Many smart home devices are great at detecting when something goes wrong in your home, but many of them aren't as good at doing something about it. HomeAdvisor, a free app with a growing list of collaborators, wants to change all of that. If your smart home finds a problem, HomeAdvisor will find the appropriate service person for you and have them call you.
HomeAdvisor started as essentially a filtered yellow pages. At CES 2016, the company announced three new integrations to help you find a vetted professional more easily.
As far as the new integrations, first, your Amazon Echo can learn a skill allowing you to ask it to find an electrician. Alexa, the personality built-in to Echo, will even offer a number for you to call, based on the one most likely to be available the soonest. (She learned at this year's show.)
Via the Apple TV, you can scroll through options on the big screen, book an appointment, and see the company's typical costs for your job.
All of that is fine and could save you some tedium, but the true power of the app comes into play with smart home sensors. The third new integration, with Zonoff, will let Zonoff powered smart home systems start the process of finding a pro for you when it senses something wrong.
For example, if your system senses a leak, you'll receive a notification as usual, and less than a minute later, a plumber from your area will call you. HomeAdvisor's back end algorithm searches through the same options it would normally present to you, calls them for you, and once someone answers, sends you the call.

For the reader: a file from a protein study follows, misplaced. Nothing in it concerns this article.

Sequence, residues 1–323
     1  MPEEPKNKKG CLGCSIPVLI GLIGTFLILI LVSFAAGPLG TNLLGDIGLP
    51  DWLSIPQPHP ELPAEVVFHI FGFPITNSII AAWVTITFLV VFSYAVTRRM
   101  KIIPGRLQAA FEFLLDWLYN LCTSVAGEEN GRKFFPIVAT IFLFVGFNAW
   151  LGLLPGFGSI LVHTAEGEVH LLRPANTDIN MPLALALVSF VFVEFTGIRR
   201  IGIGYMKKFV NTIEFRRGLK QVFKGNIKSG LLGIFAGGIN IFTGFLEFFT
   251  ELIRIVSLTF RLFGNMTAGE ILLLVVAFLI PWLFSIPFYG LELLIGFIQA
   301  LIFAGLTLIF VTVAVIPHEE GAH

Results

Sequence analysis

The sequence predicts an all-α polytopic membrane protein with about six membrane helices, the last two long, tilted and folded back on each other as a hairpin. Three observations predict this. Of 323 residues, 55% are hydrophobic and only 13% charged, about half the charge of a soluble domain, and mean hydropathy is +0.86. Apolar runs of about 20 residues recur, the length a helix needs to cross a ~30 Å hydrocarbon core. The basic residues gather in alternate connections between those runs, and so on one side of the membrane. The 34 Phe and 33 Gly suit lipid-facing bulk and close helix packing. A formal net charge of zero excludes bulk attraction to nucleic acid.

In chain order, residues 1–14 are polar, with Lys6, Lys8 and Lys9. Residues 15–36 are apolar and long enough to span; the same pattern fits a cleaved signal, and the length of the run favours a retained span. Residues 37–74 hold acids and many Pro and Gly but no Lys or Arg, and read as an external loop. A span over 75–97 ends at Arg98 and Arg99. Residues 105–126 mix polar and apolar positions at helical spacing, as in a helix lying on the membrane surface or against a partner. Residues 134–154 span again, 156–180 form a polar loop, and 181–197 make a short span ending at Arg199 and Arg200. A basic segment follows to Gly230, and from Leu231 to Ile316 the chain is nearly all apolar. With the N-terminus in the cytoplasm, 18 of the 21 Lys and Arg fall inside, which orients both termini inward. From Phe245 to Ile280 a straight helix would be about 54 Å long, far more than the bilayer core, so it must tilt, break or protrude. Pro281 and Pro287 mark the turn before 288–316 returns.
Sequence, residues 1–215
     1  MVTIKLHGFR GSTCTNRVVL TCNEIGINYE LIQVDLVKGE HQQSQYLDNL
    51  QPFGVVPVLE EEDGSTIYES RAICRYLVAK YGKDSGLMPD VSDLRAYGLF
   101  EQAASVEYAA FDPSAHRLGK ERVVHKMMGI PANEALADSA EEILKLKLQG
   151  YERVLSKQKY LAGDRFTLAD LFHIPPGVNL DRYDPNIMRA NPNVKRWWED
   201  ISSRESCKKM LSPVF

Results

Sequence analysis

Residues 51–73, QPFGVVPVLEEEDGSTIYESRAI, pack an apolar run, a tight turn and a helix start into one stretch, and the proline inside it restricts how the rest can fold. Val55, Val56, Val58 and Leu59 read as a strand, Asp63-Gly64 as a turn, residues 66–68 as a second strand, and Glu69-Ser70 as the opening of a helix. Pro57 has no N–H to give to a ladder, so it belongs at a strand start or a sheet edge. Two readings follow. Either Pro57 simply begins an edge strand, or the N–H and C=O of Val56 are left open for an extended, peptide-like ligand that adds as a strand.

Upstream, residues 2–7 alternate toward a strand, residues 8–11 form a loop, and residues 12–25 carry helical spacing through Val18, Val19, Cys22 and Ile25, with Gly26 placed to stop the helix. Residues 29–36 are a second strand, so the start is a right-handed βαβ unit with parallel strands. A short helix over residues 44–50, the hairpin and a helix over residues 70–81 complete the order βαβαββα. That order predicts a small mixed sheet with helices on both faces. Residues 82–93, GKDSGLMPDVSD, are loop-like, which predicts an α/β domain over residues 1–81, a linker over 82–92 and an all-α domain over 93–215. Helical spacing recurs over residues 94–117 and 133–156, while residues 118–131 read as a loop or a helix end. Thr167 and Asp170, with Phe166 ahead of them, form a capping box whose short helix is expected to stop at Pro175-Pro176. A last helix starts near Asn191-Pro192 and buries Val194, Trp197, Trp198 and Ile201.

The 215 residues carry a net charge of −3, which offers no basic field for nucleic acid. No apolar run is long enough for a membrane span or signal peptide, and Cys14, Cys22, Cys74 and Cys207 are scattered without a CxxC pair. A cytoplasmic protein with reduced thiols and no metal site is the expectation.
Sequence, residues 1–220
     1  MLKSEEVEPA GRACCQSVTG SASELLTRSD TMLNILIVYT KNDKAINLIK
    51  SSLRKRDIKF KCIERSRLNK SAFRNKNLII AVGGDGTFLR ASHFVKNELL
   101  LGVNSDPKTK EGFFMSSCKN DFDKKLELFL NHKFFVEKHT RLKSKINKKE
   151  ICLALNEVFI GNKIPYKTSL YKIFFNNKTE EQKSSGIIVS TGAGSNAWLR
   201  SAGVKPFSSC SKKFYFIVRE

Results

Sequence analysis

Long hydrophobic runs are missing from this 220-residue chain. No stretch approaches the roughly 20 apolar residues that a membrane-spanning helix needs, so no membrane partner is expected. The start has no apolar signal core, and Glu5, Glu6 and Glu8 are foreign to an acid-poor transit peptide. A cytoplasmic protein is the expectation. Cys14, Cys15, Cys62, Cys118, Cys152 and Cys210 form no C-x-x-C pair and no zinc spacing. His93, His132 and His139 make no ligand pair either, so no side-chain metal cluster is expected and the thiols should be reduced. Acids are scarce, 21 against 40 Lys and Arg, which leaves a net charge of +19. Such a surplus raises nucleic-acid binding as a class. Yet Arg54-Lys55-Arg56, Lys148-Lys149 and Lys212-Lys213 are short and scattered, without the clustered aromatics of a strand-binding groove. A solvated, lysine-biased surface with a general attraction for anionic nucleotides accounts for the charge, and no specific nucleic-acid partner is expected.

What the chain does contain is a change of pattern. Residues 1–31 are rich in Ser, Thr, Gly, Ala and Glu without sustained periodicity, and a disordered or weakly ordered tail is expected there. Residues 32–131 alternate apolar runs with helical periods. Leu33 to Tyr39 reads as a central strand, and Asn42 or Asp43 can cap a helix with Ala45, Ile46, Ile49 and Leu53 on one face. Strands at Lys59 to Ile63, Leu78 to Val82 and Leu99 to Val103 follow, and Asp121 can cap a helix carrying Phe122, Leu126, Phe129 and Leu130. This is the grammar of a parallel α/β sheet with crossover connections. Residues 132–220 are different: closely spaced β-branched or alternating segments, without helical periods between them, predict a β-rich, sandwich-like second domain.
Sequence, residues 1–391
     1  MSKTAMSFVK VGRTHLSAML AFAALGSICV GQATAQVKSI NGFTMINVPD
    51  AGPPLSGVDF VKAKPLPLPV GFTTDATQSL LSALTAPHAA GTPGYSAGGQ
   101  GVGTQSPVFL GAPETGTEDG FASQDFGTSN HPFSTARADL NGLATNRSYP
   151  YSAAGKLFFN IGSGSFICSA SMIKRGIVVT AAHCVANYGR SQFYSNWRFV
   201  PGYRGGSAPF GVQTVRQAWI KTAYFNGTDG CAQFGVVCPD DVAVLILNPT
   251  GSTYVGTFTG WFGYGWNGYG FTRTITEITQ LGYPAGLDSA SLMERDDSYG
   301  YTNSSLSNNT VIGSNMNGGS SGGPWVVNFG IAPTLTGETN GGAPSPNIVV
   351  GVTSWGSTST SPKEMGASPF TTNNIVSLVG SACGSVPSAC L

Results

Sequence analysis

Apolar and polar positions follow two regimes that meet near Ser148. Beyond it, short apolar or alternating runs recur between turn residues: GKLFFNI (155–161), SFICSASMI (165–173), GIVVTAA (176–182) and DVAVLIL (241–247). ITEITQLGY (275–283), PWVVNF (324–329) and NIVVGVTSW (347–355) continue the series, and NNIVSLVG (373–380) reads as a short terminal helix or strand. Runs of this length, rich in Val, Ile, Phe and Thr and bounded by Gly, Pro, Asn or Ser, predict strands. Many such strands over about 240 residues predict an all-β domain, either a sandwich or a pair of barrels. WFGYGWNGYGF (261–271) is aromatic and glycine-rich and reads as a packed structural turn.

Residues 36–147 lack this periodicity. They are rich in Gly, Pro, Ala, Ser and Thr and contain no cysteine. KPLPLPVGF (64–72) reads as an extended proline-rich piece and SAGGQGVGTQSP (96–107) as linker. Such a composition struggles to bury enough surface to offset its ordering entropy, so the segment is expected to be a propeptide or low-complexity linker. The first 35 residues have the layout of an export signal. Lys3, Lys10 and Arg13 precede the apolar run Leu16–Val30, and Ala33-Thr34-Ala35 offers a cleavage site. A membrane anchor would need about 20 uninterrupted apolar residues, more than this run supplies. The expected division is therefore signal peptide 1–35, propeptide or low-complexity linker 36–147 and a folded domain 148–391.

It's unclear which exact smart home systems will work with HomeAdvisor, and that's the main reason I'm tempering my excitement. Zonoff powers Staples Connect, but it's unclear if all Zonoff systems will have this functionality.
The app, which will be available for iOS and Android, wasn't ready for a live demo at CES tonight. But a representative promised it'll be ready once the Apple and Amazon integrations are ready in a couple of months.
Without an actual demo or nameable smart home products, HomeAdvisor still has a ton to prove, but the concept of a smart home that can take an active step to help you when something goes wrong is cool enough that I'm hopeful if skeptical.
For more CES 2016 coverage, click here.